Top Pick: International Drama/Theatre Educators With member associations representing more than 50 countries around the globe, the International Drama/Theatre and Education Association aims to promote and advocate drama/theatre as part of a full human education and to provide an international forum for those working as drama/theatre educators throughout the world. Members of each member association are automatically accepted as members of I.D.E.A. by virtue of their organization's status as a member association.

Drama Education - A Global Perspective: Learning in, with and through Drama This Australia-based website maintained by Kim Flintoff is designed to assist teachers, pre-service teachers and students in Drama and Theatre Arts. It will also assist anyone who wants to use Drama as a teaching strategy.

Related chapter/s in this book include:
Chapter 9: Process Drama in Education by Gustave J. Weltsek-Medina
Chapter 10: Theatre-in-Education by Allison Downey
Chapter 8: Creative Drama and Role Playing (in Education), by Adam Blatner
Chapter 11: Playbuilding with Pacific Island Students by Daniel Kelin II

Training and Development

There are many training and development opportunities for people who want to work in the various applied and interactive theatre formats described throughout this book and the AITG website. Training organizations range from short workshops organized by specialized theatre companies to full-featured university degrees.

On a different level of training and development, some professional theatre groups use Forum Theater techniques, Sociometry, improvisation, role-playing, or other techniques covered by the Applied and Interactive Theatre Guide, to specialize in human dynamics and/or human resource training for corporate or organizational development. Some groups listed in this section have been especially active in international settings.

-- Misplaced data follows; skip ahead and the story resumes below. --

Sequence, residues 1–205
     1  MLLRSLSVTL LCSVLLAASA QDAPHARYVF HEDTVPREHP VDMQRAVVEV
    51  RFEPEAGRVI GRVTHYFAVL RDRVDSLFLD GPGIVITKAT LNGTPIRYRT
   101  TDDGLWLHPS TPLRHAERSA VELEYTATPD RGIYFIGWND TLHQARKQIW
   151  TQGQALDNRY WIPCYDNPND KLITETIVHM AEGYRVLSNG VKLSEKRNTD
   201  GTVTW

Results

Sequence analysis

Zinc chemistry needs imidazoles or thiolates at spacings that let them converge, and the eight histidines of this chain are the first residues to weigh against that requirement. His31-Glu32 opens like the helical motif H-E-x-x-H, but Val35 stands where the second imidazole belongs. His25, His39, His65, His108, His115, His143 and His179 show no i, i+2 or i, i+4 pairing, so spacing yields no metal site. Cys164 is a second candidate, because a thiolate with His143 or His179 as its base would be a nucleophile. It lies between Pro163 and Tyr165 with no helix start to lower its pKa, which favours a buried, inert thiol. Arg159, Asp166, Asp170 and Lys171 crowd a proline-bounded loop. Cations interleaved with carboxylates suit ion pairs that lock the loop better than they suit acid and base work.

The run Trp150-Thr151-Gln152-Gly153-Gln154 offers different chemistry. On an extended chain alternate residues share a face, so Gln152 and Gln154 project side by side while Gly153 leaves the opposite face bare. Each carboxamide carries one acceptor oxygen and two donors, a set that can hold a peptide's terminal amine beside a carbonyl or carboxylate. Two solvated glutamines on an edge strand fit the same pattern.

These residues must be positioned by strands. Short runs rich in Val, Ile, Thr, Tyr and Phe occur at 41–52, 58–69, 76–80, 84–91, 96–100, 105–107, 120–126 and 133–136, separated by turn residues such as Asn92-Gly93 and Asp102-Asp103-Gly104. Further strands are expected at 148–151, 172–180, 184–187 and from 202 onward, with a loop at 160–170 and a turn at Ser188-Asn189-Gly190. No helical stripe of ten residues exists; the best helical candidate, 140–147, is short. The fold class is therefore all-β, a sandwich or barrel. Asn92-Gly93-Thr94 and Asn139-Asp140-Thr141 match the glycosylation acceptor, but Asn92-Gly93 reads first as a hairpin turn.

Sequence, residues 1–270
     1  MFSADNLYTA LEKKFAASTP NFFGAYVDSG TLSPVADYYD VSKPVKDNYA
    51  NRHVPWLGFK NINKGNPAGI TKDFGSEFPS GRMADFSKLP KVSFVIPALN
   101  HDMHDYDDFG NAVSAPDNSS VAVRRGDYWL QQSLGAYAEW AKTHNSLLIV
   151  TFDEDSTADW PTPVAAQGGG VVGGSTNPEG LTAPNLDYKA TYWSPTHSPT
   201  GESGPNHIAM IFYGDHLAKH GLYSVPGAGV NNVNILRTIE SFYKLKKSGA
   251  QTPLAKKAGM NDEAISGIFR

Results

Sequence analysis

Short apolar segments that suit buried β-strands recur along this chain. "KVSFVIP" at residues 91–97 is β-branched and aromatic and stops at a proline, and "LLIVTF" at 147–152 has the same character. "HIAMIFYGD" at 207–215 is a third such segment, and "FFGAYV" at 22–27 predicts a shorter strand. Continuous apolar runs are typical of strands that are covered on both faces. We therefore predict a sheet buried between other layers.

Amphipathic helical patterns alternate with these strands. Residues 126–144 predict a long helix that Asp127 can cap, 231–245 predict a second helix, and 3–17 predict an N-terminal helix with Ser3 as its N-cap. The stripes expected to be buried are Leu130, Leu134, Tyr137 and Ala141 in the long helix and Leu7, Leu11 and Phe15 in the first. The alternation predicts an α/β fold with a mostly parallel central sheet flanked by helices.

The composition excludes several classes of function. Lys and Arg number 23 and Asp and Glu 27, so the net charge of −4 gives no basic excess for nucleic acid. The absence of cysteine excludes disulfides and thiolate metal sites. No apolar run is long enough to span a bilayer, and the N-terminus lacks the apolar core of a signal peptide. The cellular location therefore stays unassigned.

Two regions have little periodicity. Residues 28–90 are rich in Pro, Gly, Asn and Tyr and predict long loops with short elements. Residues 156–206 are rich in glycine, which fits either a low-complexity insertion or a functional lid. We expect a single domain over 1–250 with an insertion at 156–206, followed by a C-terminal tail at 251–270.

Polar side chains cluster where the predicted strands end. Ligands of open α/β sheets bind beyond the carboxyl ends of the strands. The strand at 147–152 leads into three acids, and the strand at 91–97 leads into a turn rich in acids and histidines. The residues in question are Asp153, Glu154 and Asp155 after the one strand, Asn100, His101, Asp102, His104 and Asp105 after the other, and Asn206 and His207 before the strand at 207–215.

Top Picks: International University Theatre Association Established at Université de Liège (Belgium) in 1994 to develop and promote recognized post-secondary activity in theatre training, creation, research and theoretical and practical research, throughout the world, at the level of university or higher studies. The IUTA is present in every continent and has members in over fifty countries.

Performance of a Lifetime Created by Fred Newman, every Performance of a Lifetime program focuses on learning and practicing the skills of improvisational performance, and applying them to the many challenges of the business world and workplace.

Pact  Evolved from a group purely focused on criminal justice matters to addresses many human dynamics issues, including diversity, harassment, leadership styles, and team-building. They have not lost touch with their roots, and are still one of the principal trainers for the NYPD's Emergency Services.

Related chapter/s in this book include:
Chapter 13: Applications in Business by Joel Gluck and Ted Rubenstein